In a decision released last week, R v Morrison, 2019 SCC 15, the Supreme Court considered various aspects of the Criminal Code that deal with the offence of child luring. The Court was asked to consider the constitutionality of three parts of the offence, and ultimately found one section to be unconstitutional and the other two as being valid.
In 2013, the Government amended the victim fine surcharge law, taking away the Judges' discretion in whether to impose the surcharge. In all cases when offenders were discharged, plead guilty or found guilty of an offence under the Criminal Code of Canada or the Controlled Drugs and Substances Act they were required to pay a victim fine surcharge. The surcharge was 30% of any fine imposed or $100 for every summary conviction count and $200 for every indictable count.
The Supreme Court recently ruled in the case of R v Paterson, 2017 SCC 15, that police cannot search your home without a warrant simply because it would be impractical to obtain one. Warrantless entries must be compelled by urgency, immediate police action to preserve evidence, or officer and/or public safety. The decision highlights the importance of the section 8 right against unreasonable search and seizure of the home.
An I.T.O. or Information To Obtain, is a document filed by a police officer to a Judge seeking authorization to obtain a search warrant, often to look for evidence of drug offences. This document is accompanied by an affidavit of the officer. The affidavit, a document he swears to be true, lists out the reasons the officer is seeking the search warrant. A Judge reviews the ITO, and the affidavit, and decides whether or not to issue the search warrant.
In mid-December, a colleague of mine, Jon Doody, wrote a blog post regarding the rights of police to search a residence when conducting an investigation, such as into drug offences. He outlined the ways in which police may enter a person's residence and search. A common way for the police to search a residence is by obtaining a search warrant, which Mr. Doody explained was a document that the police obtain from a judicial officer.
In a drug investigation, as with other kinds of investigations, there are three ways that a police officer may enter your home: (1) with your permission, (2) with a warrant, or (3) in certain emergencies. These rules generally only apply to entering your house, not on to your property. There exists at law an implied consent for anyone, including the police, to walk on to your property for the purpose of talking to you at your front door. As long as the police have a legitimate purpose to be on your property, including to talk to you, than they are allowed to walk up to your door. You, however, are not required to open the door to a police officer, nor are you required to speak to them at your door.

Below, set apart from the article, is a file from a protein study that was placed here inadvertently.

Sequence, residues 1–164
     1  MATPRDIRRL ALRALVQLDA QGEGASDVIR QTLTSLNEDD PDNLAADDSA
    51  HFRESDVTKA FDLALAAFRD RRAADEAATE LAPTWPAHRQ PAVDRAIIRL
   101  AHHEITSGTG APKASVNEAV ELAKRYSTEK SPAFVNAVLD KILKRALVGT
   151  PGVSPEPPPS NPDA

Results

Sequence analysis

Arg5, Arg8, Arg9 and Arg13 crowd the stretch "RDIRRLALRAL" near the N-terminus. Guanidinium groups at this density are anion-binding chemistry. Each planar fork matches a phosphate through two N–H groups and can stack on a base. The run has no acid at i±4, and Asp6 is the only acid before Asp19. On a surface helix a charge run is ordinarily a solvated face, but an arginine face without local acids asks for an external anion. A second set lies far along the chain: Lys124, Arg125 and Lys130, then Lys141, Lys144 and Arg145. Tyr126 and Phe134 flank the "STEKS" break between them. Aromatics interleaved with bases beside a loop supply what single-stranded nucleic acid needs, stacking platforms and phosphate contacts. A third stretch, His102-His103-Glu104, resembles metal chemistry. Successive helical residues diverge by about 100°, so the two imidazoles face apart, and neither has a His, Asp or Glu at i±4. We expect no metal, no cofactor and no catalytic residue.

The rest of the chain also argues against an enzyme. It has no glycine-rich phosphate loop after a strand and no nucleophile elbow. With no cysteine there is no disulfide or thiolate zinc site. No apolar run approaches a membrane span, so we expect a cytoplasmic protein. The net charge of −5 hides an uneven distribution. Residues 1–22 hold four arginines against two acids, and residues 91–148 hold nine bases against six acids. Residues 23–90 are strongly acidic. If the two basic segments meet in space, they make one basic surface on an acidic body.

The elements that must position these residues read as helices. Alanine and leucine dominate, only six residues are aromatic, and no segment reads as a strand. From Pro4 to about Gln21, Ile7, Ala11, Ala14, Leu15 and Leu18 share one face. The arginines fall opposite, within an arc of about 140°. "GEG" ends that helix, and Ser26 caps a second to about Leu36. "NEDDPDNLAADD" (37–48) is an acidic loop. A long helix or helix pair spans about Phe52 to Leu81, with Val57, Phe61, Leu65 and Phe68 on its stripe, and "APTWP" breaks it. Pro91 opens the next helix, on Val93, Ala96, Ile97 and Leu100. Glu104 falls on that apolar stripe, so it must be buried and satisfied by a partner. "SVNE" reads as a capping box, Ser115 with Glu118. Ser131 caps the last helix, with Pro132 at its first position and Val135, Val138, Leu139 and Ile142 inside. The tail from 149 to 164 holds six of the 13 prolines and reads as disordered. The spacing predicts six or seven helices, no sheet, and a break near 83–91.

After being stopped at a RIDE program you are asked to step out of the car and blow into a roadside screening device. The officer tells you that you have failed. You are arrested for driving over 80, read your rights, handcuffed and placed in the back of a police cruiser. The police take you down to the station where you are asked to blow into the breathalyser machine. After a brief wait you are told that your readings were way over the legal limit and that you will be charged with both over 80 and impaired driving. You are eventually released from the station with some paperwork requiring you to show up in court in three weeks.
In R. v. McGuffie 2016 ONCA 365, the Ottawa Police Service received a telephone from a downtown bar advising that a group of five men in the bar had been seen passing a handgun around. McGuffie walked away quickly from the bar. The officer followed him and caught up to McGuffie a short distance from the bar. The officer told McGuffie that he was being detained because he believed he had a handgun. McGuffie denied having a handgun. The detaining officer placed McGuffie in the back of another officer's police car, and the detaining officer returned to the bar to assist other officers in searching for the handgun. He removed him from the cruiser and did another search and he found "a package of white powder in a rectangular shape" identified as cocaine. McGuffie was also strip searched back at the station. The ONCA ruled that the initial detention of McGuffie on the street was a lawful exercise of the police power, but police infringed his s. 9 right by placing him in the cruiser for 30 minutes. The Court addressed the issue of 24(2).
The Charter of Rights and Freedoms guarantees certain rights to anyone arrested, or detained, by police in Canada. These are particularly important to know when arrested for a drinking and driving offence. These rights include: